That is consistent with my reading. The Healey fuses are 17.5 amp slow-blow
/ 25 amp fast-blow and 35 amp slow-blow / 50 amp fast blow devices. I'm
speculating now--I expect all glass capsule fuses could be dual rated, but
the Healey fuses were for their specific application. A fuse will fast-blow
if the current is high enough to vaporize the fusible link. A fuse will
slow-blow if the competing effects of resistance heating and
application-specific radiant and air cooling cause the fusible link to melt.
The application-specific nature of the cooling may explain why the Lucas
fuses used in the Healey were not dual marked. A modern ATC plastic body
fuse has little cooling capacity so the slow-blow and fast-blow ratings
would be very close.
Does the Healey circuit take advantage of the slow-blow and fast-blow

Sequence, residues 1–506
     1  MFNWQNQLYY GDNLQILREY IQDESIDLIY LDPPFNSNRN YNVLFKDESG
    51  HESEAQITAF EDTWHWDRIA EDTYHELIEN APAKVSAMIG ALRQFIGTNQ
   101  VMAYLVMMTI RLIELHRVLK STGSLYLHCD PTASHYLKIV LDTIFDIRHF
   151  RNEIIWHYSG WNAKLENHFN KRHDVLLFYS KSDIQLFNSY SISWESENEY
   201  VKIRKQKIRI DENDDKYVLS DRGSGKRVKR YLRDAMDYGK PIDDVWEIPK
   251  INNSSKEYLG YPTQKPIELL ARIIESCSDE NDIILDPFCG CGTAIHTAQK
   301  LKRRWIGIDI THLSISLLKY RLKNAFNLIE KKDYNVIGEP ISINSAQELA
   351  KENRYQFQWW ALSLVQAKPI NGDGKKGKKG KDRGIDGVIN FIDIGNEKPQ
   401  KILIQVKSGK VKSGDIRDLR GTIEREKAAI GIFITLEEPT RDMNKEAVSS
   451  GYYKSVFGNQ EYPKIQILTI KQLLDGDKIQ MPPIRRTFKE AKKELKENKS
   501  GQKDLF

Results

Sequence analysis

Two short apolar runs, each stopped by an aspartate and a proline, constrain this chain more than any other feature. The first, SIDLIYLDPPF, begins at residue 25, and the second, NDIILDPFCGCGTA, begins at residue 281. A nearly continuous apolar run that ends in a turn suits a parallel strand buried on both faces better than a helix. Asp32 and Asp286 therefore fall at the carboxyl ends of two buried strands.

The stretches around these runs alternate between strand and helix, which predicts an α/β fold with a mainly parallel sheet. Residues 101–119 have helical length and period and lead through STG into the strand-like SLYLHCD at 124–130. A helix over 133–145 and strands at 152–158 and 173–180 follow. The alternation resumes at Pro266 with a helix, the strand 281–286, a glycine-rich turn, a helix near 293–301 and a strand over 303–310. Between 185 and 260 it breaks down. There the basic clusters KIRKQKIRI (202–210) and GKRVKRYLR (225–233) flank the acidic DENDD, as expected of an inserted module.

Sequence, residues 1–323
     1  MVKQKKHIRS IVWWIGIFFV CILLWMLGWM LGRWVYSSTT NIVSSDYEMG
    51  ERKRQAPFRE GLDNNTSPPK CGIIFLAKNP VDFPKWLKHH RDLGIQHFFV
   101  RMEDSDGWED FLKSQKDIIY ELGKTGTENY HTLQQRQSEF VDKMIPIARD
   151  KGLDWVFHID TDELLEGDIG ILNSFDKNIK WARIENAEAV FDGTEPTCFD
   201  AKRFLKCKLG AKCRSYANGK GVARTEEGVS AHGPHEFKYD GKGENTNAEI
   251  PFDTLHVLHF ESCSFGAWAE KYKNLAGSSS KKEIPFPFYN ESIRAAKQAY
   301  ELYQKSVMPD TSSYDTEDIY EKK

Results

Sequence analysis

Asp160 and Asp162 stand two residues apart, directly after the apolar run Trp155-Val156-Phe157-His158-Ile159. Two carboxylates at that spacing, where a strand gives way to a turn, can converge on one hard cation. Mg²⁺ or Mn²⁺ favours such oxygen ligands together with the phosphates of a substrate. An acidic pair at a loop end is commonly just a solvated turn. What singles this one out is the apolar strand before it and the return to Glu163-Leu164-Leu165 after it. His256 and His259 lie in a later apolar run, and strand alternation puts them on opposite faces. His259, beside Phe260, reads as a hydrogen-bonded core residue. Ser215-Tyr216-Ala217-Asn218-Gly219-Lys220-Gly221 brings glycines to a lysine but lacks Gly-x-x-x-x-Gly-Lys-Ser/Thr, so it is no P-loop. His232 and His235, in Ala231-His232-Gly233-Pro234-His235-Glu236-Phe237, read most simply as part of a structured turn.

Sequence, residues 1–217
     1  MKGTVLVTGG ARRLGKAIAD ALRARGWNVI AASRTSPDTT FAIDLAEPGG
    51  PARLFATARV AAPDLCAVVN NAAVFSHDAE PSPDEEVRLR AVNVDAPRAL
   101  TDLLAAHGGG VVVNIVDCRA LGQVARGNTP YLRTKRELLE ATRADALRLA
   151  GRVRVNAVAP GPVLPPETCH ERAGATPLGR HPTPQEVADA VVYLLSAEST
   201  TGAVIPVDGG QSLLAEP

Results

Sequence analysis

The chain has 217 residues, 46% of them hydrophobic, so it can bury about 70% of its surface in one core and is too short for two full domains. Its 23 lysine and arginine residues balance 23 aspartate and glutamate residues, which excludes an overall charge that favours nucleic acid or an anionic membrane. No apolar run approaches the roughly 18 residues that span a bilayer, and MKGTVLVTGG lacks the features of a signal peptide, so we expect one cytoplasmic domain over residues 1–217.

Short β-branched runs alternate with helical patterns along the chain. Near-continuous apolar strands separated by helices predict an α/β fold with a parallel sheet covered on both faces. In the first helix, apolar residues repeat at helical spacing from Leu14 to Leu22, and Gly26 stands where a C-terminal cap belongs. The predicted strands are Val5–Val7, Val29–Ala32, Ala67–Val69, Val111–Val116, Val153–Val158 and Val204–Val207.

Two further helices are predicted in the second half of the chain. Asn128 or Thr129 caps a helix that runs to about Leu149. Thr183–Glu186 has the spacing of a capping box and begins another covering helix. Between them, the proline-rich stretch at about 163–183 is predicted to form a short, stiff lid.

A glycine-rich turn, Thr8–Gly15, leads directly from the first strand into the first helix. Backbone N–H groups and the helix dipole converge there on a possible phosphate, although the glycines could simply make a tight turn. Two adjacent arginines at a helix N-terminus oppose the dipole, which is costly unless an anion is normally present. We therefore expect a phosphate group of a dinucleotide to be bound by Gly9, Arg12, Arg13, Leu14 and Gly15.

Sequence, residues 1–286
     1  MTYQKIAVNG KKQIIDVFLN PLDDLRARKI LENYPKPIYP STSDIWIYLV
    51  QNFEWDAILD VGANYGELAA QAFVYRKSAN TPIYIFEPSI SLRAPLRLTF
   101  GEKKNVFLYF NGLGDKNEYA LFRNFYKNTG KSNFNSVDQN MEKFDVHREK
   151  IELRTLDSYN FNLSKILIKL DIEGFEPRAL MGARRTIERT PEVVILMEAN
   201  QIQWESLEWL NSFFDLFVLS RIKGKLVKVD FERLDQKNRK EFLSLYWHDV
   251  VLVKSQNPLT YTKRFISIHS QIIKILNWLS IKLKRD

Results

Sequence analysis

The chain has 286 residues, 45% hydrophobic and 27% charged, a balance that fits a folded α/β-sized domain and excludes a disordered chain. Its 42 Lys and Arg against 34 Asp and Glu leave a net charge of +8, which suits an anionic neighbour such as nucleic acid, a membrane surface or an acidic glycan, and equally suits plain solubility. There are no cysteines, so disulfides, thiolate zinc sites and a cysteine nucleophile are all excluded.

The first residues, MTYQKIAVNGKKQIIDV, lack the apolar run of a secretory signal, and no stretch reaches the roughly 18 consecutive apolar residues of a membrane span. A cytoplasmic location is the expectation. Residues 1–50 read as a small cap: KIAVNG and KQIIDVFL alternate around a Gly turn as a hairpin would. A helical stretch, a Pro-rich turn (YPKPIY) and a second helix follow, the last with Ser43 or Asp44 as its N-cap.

characteristics? I think yes, to provide protection against high resistance
shorts and dead, low resistance shorts respectively. A high resistance short
could include some types of device failures.
From: Bob Haskell [mailto:email@example.com]
Sent: Friday, February 04, 2011 2:33 AM
To: Hap Polk
Cc: 'Richard Ewald'; 'Oudesluys'; firstname.lastname@example.org
Subject: Re: [Healeys] BN2 80/100 W bulbs on the PL700 tripod headlights....
One other issue that I haven't seen mentioned is how the fuses are rated. I
believe the 25 and 50 amp fuses found in the 6 cylinder healeys would be
considered to be 17.5 and 35 amp fuses in US cars.
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